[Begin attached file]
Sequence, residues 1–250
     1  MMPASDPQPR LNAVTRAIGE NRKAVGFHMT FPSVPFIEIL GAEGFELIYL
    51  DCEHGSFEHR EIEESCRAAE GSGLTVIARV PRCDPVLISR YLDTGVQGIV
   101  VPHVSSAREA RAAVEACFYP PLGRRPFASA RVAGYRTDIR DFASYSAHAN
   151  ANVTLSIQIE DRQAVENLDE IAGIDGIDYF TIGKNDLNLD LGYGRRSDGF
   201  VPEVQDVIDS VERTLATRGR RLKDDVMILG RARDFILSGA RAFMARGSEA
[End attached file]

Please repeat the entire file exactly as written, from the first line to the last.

Sequence, residues 1–250
     1  MMPASDPQPR LNAVTRAIGE NRKAVGFHMT FPSVPFIEIL GAEGFELIYL
    51  DCEHGSFEHR EIEESCRAAE GSGLTVIARV PRCDPVLISR YLDTGVQGIV
   101  VPHVSSAREA RAAVEACFYP PLGRRPFASA RVAGYRTDIR DFASYSAHAN
   151  ANVTLSIQIE DRQAVENLDE IAGIDGIDYF TIGKNDLNLD LGYGRRSDGF
   201  VPEVQDVIDS VERTLATRGR RLKDDVMILG RARDFILSGA RAFMARGSEA